Foreign Languages



I hope that how to prepare your student for studying a foreign language will be evident when you read below on how to evaluate whether your student is ready for a high school level foreign language course.




  • A foreign language is like music:

    • Can your student audibly differentiate between musical pitches (playing a musical instrument helps here)
    • Can your student match different musical pitches with his voice.


  • Grammar, etc.

    • Does the process of locating different parts of speech within an English sentence make sense (subject, verb, direct object, indirect object, preposition, predicate adjective, etc)
    • Does he spell well from a phonetic approach (can sound out words and spell, using a o phonetic key)
    • Can he write legibly (fine motor skills are developed sufficiently)


  • Maturity level: Would your student be able to

    • Manage his time well
    • Follow through with all the different parts of foreign language study such as:
      • Listening and repeating CD or Internet assignments at home
      • Reading and practice written work required
      • Paying attention in class
      • Taking notes from board when needed  Keeping up with assignments


If the majority of your answers were yes to the questions above, then most likely your student will do very well in any foreign language class! YEA!! But what if too many answers were no?


Consider the following:


  • Gender

    • Boys mature slower than girls.
    • Give them some time to mature by letting them do an introductory class or a first level class that has been divided into two years.


  • Struggling learner

  • Spelling difficulties, paying attention in class, problems with time management are all possibly signs of a learning difficulty.
  • This can sometimes show up more clearly in one subject group (language arts, maths, sciences, etc.) than in another.
  • There are some great homeschool resources out there for figuring out if your child has an issue and how to get help. Ask CHESS administration or teachers for resources they might have.





What are your and your student’s foreign language goals?


  • To take language study only as a subject for credit (struggling learners sometimes fit here)

  • Then you might want to consider a non-college preparatory class, a simple online course, private tutor, or other non-stressful approach.

  • Take only two years of a language instead of trying to do three or more.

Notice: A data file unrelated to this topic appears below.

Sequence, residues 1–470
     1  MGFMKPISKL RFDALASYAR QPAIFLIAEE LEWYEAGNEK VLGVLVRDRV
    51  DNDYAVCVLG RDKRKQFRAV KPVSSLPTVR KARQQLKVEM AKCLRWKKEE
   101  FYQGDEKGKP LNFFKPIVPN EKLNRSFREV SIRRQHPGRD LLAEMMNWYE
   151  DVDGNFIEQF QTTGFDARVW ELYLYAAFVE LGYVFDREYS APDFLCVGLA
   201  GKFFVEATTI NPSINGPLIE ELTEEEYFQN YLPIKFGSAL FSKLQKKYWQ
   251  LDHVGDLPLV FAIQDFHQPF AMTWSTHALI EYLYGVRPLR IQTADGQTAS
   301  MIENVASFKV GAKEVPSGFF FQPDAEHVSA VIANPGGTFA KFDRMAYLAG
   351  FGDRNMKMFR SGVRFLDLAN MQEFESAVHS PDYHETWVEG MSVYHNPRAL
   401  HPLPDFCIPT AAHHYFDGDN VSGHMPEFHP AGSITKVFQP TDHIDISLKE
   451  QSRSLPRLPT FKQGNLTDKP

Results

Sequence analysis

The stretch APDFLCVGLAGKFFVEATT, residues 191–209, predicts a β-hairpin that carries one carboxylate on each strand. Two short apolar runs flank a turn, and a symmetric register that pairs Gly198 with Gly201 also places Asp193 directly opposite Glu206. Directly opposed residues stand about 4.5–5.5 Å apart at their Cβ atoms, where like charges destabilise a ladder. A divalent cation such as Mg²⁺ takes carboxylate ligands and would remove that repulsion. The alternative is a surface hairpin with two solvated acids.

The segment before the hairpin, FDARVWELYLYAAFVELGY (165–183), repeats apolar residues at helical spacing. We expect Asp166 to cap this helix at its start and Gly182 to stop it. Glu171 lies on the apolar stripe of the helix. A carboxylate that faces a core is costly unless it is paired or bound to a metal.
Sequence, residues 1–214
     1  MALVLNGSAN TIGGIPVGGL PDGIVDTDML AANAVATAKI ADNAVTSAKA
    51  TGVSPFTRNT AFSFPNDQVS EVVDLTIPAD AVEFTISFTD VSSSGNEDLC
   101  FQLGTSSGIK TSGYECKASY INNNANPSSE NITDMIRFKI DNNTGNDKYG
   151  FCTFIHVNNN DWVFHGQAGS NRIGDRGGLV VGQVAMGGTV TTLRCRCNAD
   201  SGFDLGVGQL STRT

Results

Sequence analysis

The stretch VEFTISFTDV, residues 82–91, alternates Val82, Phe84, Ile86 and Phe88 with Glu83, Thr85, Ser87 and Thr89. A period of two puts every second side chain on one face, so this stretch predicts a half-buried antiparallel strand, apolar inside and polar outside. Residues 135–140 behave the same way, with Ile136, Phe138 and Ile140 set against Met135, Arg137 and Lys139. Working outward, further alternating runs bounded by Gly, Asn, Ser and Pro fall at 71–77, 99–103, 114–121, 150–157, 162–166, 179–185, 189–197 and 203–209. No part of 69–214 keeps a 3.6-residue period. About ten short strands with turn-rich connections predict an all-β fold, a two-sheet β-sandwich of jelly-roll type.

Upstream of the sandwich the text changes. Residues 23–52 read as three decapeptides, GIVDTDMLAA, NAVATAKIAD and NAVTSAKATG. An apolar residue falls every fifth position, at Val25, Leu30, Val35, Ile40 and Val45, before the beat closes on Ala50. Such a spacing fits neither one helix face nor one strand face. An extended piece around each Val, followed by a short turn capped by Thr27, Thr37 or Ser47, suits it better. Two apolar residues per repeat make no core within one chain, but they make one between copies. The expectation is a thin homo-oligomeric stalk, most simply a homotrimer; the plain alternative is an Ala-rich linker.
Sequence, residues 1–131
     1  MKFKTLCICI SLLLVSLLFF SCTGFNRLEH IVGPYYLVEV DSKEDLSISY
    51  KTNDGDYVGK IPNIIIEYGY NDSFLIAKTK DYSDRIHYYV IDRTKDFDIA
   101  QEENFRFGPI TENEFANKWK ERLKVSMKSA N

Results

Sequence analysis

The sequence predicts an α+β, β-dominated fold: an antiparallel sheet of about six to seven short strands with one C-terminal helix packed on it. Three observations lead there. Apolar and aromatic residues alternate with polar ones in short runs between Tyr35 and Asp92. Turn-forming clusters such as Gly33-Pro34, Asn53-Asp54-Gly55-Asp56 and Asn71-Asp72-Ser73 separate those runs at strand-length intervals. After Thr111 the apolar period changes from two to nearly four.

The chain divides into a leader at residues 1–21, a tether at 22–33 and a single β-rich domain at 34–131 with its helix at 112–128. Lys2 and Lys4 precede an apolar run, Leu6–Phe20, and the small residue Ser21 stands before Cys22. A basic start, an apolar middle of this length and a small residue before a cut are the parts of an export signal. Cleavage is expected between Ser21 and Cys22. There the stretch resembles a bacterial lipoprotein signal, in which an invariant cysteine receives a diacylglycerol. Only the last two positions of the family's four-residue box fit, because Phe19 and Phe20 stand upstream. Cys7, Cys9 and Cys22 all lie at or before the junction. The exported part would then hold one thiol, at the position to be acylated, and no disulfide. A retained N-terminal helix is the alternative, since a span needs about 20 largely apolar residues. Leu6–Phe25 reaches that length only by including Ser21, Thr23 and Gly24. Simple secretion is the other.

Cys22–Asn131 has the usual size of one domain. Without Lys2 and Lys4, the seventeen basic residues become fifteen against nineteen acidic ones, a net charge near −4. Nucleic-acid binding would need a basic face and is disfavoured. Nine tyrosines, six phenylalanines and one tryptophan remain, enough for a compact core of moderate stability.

• To take language study for mastery (learning to speak it, write it, use it!):

  • Take a course with a live teacher in a small classroom
    • She can instantly correct accent and offer individual help when needed is highly beneficial.
    • Enables student to engage with other students for classroom activities and conversation.




  • Start with a romance language

    • They have the same alphabet
    • Often have similar grammatical structures to English
    • Gets brain used to decoding information, and creating “words can be said differently” patterns within the language-processing center.
    • Easier to find “live” homeschool teachers


  • Add a second language after one year of foreign language study

    • Brain is now wired to “see” language acquisition differently
    • Second language is easier to learn (especially if it’s another romance language; but any other language is fine)


  • Sign-language

    • Best for students who have problems distinguishing and expressing different language sounds
    • Vocabulary is in native (English) language- advantage for some struggling learners.


  • Immersion verses traditional phonetic / grammatical approach o Immersion:

    • Best choice IF it’s true immersion: immersion in full immersion school, or attending school abroad, not just 1-2 days a week in classroom
    • Can confuse students who don’t have a strong grammatical base in new language
  • Phonetic/grammatical approach
    • Helps student to have strong foundation so that when introduced to a concept, they can apply concept to other words and vocabulary right away
    • Needs to include a healthy balance between speaking language in class and teaching new concepts in students’ native language


Mary O’Donnell

703.403.7701 French teacher:

Introduction to French -French IV at CHESS:,

SGC, and other locations 7-12th grades Member of American Association of Teachers of French

2014-15 Nominee for the NSHSS Claes Nobel Educator of Distinction

CHESS meets at 8730 Sudley Road, Manassas, in the “Rock” building next to Manassas Baptist Church.


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